mal routine of existence. Wiien you have mentioned
the Monroe doctrine you have pretty well, indicated the
sum of the average citizen’s interest in external affairs.
During several years in the United States I do not
recall a single well informed debate in Congress on the
foreign policy of the republic or a single member who
ever treated his constituents to an address on such a
topic. The operative opinion of the commonwealth still
desires to have as few dealings as possible with foreign
powers, still quotes and abides by Washington’s warn
ing against “entangling alliancés,” still, shrinks from
any course that threatens “complications,” still clings
to the policy of isolation as the one that most adequate
ly squares with the needs of American conditions.
This is so even though facts and necessity have out-
Warning: Note« Calling; the Wickett
The man who t
blows into an old.
gun to see wheth
er it is loaded»
never makes the
run many of the formulas, prejudices, and traditions
that a decade and a half ago were all but omnipotent,
The peculiarity of America’s position in the general
A woman can.
scheme of world politics is indeed precisely this, that
jump at a conclu-
her people are unconsciously engaged in adapting their *
sion and hit it
mental outlook to their achievements. The Spanish war
with both feet
landed them on a stream of tendencies that has already
while a man is-
carried them far beyond their old confines, and is in bringing his wits around the corner.
exorably " destined to carry t! n farther still.
Some people never look up as long :
as they can stand up.
UNITED STATES, PRECEPTOR OP JAPAN.
An enemy is an enemy, whether he
carries a flag or a musket.
By Louis Ichige Ogata,
The organ’s sweetest music does not
A visitor to Japan is at once impressed
with the evident desire for education among come from the biggest pipes.
the Japanese people that shows itself on
No school will do us much good un
every hand. The governmental regulation Jess we make life itself our school.
that -makes education compulsory is really
Sometimes the meeting is closed the
little needed, for the parents themselves show tightest the moment the leader says it -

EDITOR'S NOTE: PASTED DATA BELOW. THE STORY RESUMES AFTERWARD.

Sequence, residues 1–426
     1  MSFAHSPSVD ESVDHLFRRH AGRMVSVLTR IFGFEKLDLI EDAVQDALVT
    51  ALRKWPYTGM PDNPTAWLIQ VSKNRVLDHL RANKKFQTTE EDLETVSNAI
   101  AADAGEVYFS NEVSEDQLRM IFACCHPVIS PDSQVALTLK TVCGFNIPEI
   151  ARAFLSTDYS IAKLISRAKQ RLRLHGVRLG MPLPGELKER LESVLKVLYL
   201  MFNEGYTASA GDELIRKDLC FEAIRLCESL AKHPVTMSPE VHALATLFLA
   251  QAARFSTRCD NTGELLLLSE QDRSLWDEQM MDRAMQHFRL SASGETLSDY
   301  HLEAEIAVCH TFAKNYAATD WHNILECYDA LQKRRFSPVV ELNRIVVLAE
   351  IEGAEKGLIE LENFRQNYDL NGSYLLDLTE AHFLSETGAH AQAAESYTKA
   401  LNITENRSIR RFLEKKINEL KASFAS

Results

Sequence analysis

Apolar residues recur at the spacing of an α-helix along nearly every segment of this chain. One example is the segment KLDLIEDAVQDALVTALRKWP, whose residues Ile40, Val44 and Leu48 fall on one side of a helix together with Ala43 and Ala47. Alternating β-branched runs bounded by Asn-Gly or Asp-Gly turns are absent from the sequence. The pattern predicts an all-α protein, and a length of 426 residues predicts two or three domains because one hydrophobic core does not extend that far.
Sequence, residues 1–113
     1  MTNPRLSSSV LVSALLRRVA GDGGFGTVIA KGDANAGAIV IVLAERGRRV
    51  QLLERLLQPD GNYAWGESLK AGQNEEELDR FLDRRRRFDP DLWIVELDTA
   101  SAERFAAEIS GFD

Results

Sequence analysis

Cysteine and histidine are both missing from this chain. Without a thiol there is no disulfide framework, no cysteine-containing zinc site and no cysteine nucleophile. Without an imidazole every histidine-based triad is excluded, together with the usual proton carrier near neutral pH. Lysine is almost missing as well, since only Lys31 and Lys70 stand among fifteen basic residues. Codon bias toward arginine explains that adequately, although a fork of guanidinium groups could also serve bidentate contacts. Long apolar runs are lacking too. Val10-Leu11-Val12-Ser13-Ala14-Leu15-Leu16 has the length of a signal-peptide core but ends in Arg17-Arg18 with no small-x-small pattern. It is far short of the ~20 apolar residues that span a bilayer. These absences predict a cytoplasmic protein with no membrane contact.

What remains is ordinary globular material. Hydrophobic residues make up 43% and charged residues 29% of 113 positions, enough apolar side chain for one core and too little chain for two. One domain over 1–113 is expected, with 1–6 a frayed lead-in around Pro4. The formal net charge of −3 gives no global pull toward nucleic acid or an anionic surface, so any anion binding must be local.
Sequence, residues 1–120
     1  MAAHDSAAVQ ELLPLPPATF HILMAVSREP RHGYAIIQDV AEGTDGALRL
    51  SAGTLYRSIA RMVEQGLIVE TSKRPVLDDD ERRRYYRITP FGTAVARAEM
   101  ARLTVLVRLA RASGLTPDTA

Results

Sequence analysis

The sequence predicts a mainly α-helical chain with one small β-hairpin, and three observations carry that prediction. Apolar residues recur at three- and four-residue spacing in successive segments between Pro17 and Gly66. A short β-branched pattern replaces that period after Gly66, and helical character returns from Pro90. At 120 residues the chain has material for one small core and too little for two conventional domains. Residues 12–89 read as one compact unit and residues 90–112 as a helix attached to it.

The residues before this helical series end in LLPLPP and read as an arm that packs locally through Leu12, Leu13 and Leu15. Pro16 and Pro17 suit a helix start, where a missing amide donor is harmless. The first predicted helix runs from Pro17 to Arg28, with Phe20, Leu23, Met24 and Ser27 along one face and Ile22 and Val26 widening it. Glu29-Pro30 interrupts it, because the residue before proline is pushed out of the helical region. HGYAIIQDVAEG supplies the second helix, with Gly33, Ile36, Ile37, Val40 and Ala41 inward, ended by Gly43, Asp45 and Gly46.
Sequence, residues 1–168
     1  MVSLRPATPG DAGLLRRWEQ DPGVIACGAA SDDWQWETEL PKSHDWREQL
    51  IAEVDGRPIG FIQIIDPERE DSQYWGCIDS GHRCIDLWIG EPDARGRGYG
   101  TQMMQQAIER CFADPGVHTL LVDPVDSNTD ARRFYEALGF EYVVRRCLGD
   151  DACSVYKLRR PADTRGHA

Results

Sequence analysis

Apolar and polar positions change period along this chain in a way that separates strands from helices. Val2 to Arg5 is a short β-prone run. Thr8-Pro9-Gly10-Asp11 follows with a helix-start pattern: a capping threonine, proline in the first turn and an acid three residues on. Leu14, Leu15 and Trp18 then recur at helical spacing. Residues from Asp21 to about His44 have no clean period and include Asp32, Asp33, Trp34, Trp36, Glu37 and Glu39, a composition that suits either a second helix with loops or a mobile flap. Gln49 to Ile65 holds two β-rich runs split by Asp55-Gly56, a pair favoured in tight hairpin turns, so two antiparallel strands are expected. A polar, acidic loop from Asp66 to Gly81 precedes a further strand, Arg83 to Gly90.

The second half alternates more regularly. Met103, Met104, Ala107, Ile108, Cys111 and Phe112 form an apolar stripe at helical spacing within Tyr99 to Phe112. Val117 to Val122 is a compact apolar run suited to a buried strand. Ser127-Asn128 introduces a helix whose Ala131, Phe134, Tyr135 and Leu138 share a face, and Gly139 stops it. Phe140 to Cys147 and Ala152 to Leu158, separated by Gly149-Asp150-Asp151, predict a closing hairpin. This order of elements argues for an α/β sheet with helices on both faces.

the greatest eagerness to give their children is open.
the best school advantages they can afford,
Tell your troubles only to the Lord»
In spite of the multitude of children who and you will soon have joys to tell
swarm the streets and the vast number who work in to everybody.
the fields and in various industries where the cheap
The thing that makes a bulldog fa
labor of children can be used to advantage, school sta
tistics in Japan show a much better percentage of chil mous, is that he hangs on like grim,
dren of school age in attendance than is shown in some death to the end.
No man has done his whole duty to--
States in America.
Recent reports show that there are about 30,000 pub God who has done less than his duty
lic and private schools, nearly 120,000 professors and toward his next door neighbor.
•teachers, and about 5-,295,000 students in Japan. There
If every Christian always looked,
is hardly an incorporated city in the empire that has happy, how soon it would kill the sa
not at least one kindergarten. Many colleges and uni loon business and crowd the churches..
versities, public and private, furnish opportunity for
Aim high. It won’t. hurt your gun .
higher learning to thousands of Japanese young men any more to knock the feathers out
as well as women, but the crown of them all is the im of an eagle than to splinter a barn,
MARRIAGE AND GOOD LOOKS.
By Betty Vincent.
Girls, do you marry a man because he
dresses well or because you love him? Do
you love him because- he is 6 feet tall and
broad-shouldered or because he is honorable
and a gentleman? Prom some of the letters
I receive from young girls I cannot'help in
ferring that their ideal is a combination of a
clothing house poster and a showman in a
If the heart of'the man is tender and kind, what can
it matter if every feature on his face is hopelessly
crooked? The doll-faced man is as bad as, and worse
than, ‘the doll-faced girl. The rugged man of sterling
worth is the man to guard a woman’s future and happi
ness. If you are impressed with a man’s smartness of
dress stop and think, girls, how that same man would
look in rough and simple working clothes. Ask. your
self, too, if you would be willing to give up many, of
your own little vanities that your husband might gratify
his own fastidious sense of adornment.
X A NEIGHBORLY CONSPIRACY.
Mr. Grimes had a large lawn in
front of his house and another at the
side, and it was his custom to get up»
and run his lawn mower at 5 o’clock
In the morning. In vain his^neighbor»-
protested. Ih vain they complained,
that he woke them up just when they'
were sleeping the soundest, and that -
they could not go'to sleep again»
. “Nobody has any business snoozing:
after 5 o’clock,” he said, “Go to bed
early and get up early, That’s the
way I do. Think I’m going to wait
half a day for you people to sleep off
the effect of your late hours, when my
grass needs cutting? I guess not!”
Then his neighbors did a little plan
Eskimo wives and mothers, It Is
ning. They fôund out that he went
Every human activity may be con
said, never suffer from the ailments sidered from the esthetic as well as
to bed at 9 o’clock, and they made ar
lettes, not to mention any use of hard rangements accordingly. Punctually at
that afflict the matrons of a higher civ the practical point of view. No espe
boiled eggs. Veal is cooked in 9( 9 o’clock the next moonlight evening:
ilization. But it is no more than fair cial powers of discrimination are need
ways. There are 80 principal soups.
that there should be some compensa ed to enable the reader of this extract
the sound of a lawn mower 'in action^
The nursing school of modern gas was heard directly across the street,
tion for being an Eskimo wife.
from the Chicago Ledger to determine
tronomy is the Salon of Parisian
from the Grimes dwelling. Presently
Grefs. Here meet Paul de Amici o: another
San Francisco is getting ready to where to place each of the two men